Diversity: My Perspective

As you may already know, I am from Puerto Rico. A territory of the United States since 1898, at that time we were a colony from Spain. Puerto Ricans are a mix of the native indigenous people of Puerto Rico, the Tainos, Africans, and the Spaniards, we are a mix. All my life I have seen myself as Puerto Rican, not Latino. Now that I am studying in Virginia Tech, I keep seeing myself as Puerto Rican, but now also a Latino. It is interesting as perspectives change.

My graduate program is composed of mostly internationals, for the last three years I have interacted with male and female colleagues from different parts of the world. I have grown immensely, not just from my studies but learning from their different point of views. We benefit from having people with different backgrounds, experiences, and knowledge. Do we have the same benefit in Puerto Rico were in my perspective we are homogeneous, racially speaking? Is race the color of the skin or your ethnic background?

Maybe my perspective is skewed given the way I was raised or the experiences I had while growing up. There is no single simple answer, but if we work together and build upon the experiences and background of different people. We surely could benefit from the best of everyone and keep improving as a nation, but most importantly as human beings.

4 thoughts on “Diversity: My Perspective”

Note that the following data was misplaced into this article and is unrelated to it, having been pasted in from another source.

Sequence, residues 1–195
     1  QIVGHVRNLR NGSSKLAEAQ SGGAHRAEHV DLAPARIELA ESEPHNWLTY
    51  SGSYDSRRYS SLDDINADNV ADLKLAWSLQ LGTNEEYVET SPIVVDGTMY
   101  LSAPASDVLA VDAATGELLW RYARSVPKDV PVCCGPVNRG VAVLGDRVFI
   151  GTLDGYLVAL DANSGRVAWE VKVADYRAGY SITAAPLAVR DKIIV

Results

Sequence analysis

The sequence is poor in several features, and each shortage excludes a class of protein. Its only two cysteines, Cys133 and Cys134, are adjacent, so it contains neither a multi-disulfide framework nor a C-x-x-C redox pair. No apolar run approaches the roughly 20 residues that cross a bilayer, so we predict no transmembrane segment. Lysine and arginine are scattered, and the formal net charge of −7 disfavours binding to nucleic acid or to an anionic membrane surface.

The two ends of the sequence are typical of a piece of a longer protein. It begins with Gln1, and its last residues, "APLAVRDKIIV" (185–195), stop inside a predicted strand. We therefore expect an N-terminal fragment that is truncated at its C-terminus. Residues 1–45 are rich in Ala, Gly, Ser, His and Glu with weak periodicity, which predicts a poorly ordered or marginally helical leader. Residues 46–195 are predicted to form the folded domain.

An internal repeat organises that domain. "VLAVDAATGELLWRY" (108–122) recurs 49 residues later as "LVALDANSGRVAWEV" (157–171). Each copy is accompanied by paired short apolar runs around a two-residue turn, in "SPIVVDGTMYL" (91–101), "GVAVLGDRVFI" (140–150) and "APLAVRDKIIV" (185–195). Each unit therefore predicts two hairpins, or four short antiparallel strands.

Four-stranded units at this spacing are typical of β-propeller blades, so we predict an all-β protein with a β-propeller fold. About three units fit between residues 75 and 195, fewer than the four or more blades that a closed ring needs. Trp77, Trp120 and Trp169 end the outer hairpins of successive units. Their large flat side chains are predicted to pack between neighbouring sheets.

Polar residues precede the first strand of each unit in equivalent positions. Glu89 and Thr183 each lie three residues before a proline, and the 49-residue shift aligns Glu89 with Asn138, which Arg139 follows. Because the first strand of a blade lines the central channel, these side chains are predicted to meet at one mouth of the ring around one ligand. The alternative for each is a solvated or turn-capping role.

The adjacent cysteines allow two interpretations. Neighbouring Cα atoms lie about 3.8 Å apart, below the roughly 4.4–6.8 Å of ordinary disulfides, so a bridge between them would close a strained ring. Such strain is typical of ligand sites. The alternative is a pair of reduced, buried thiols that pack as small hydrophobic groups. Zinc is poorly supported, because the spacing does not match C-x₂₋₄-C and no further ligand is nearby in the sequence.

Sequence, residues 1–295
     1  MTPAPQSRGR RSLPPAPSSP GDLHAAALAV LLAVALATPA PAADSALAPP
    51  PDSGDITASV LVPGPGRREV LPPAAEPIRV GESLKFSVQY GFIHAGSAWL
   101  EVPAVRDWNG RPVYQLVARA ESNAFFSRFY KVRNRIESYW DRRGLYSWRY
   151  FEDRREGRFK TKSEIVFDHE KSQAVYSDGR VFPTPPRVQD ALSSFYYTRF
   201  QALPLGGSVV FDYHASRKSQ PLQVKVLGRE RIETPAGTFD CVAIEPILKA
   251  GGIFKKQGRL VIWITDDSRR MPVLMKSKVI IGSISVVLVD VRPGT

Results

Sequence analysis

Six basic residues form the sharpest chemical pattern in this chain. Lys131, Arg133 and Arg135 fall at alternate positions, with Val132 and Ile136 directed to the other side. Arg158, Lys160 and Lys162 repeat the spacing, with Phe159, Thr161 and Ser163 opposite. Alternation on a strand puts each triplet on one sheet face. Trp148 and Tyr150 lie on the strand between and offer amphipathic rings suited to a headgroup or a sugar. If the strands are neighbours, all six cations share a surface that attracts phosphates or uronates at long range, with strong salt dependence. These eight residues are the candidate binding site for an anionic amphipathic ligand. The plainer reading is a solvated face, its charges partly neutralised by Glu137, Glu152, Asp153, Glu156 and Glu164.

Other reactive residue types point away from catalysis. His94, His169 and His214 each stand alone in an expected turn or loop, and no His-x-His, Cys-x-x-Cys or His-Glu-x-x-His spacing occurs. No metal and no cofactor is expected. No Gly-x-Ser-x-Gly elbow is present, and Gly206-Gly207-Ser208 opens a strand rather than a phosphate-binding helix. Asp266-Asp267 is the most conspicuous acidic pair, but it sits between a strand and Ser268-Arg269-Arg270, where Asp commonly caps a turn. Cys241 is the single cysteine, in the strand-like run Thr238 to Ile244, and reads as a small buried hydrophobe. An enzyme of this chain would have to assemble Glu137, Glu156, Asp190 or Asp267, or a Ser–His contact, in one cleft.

1. It is interesting your perception of Puerto Rico as being homogeneous racially speaking. I have always consider most countries around the Caribbean as very heterogeneous due to the varied influences they received. Perhaps your perception comes because of the high degree of miscegenation and because race has never been as much of an issue is the Spanish speaking Americas as opposed to the USA?

    Something in my personal experience that relates to the background of your post is that, the more I interact with people of different racial and national backgrounds, the least I perceive them as black or oriental or even mixed, but rather I see them as John, Louise or Matt. So I think that as Universities become more and more of a melting pot, with students from all over the world, there is a chance that biases with loosen grip a bit.

  2. It is not difficult to maintain an inclusive environment when it’s composed of mostly internationals. However, when it comes to a situation, where internationals are the minority in a group, how are we supposed to maintain the inclusive environment?

  3. As someone who grew up in a variety of mixed ethnic environments, I can definitely see how it positively influenced me, especially once I became an adult. There is great value in being exposed to different points of views, not only in a professional setting but in personal life as well. Being of an ethnic background myself, I feel that we can sometimes be more accepting of diversity than others. While it is unfortunate, I think that things are slowly starting to change. Our readings this week made it clear just how important it is to strive for more inclusive environments and the effects that it can have.

  4. I agree with you. I am from Lebanon and I have a similar experience. Lebanese people are a mix of different civilizations too. However, I think the country is more homogeneous. It wasn’t until I started my graduate school in the US that I had real experiences with people from different countries, races, etc. I love it. The experiences and different ways of life of different cultures made me grow as a person and appreciate the differences in the traditions and social norms between cultures.

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